Many things come to mind when I think of smart home accessories: speakers, locks, displays, TVs, or maybe wall plugs. The list continues to grow each day it seems, but here comes Anker with a car charger that, while itself not unique for the company, features Alexa as a defining feature. Don't want to fork over the money to get Assistant in your car? Here's the next best thing... kinda.
I will admit, when I first heard of this, I was dubious if not outright skeptical. After one of the Anker guys demoed the Roav Viva for us at CES, I became a little more intrigued and said I would take a look at it.
Overall, I found that I do not dislike the Viva, even though it is fun to mock it every now and again. It has a small amount of utility, but a car charger with Alexa is certainly more of a novelty, especially when compared to its "dumb" counterparts.
|Two ports||The Viva features two USB-A ports, so you and your passenger can charge your phones at the same time.|
|Aesthetics||Even though the Viva is oblong in order to accommodate the speaker and all the smarts, I like the way it looks, especially with the typical Alexa LED rectangular "ring."|
|Alexa||You get access to all of the Alexa skills and services in a car charger.|
|Speaker||Surprise, it's pretty terrible. Do not rely on it exclusively.|
|Utility||The Viva is really neat and I like it. I just don't know why anyone needs one.|
Design & build quality
I will be brief here, since the Viva is just a car charger, although larger than the average one. Check the measurements to make sure that it will fit in your car in case your cigarette lighter is in a weird place.
The head of the Viva houses all of the smarts, both USB-A ports, and I assume some of Anker's PowerIQ charging tech. The face consists of the two microphones and one big button to manually activate Alexa (though it does respond to the vocal hotword). Around the edge is the blue LED "ring" that you often find on Alexa-enabled devices. It remains on to indicate that the Viva is active and ready to process commands, though it can be quite bright at night — thankfully, the app lets you adjust the brightness.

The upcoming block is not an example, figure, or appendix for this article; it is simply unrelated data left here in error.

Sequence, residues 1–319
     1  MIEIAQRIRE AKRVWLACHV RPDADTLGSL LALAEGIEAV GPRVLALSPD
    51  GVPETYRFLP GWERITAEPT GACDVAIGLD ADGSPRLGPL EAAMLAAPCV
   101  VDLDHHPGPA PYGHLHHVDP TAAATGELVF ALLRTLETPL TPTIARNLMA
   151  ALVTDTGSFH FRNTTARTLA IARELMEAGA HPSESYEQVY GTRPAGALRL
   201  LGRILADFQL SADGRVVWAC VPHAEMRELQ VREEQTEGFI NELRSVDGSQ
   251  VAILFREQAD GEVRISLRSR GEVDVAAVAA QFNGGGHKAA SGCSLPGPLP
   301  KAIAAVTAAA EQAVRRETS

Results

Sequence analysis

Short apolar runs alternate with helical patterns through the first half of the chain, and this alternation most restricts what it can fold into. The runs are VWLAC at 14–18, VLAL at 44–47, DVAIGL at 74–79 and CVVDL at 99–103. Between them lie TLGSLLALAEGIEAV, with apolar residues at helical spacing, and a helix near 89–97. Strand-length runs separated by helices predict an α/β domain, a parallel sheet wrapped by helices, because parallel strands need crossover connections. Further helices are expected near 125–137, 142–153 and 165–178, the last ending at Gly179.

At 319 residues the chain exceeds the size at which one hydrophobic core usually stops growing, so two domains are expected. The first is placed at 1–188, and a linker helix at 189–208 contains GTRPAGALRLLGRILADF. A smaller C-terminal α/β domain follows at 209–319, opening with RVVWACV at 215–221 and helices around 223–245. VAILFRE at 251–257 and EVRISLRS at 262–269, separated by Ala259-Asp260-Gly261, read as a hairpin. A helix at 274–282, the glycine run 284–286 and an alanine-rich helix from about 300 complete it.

Overall, the Viva feels like a solid piece of plastic. The button to activate Alexa/mute has a nice and satisfying tactile response. During my use, I did not notice the charger getting warm, even when charging two OnePlus 5Ts simultaneously. Due to the placement of the cigarette lighter in my car, I knocked into the Viva with my knee when I got in the passenger seat. Even though I bumped it pretty good, it held up and stayed in place in the lighter port.
Anker states that the Viva, thanks in part to nickel plating and polymer capacitors, can withstand temperatures between -4°F to 257°F, meaning that the charger should remain functional in most any climate condition.
Beyond all this, there is not much more to tell. It's a car charger.
On its own, the Viva is pretty terrible when it comes to sound. This is no surprise, honestly, considering that the Viva is a car charger. To compensate for this, Anker provided two ways by which you can route audio through the car speakers in order to make it more audible.
Both methods use your phone as an intermediary between the charger and the car. The gist of this is: you talk to the Viva, it pushes the request over its connection to the phone for both data and to access your car's sound system, then it responds over that audio connection — it left me wondering if the Viva is silly or genius.
Of the two methods, the most basic is via the aux line-in for us old school types. This comes with the usual inconveniences present with plugging in your phone, but when you initiate an Alexa command, you will hear the response over your car speakers.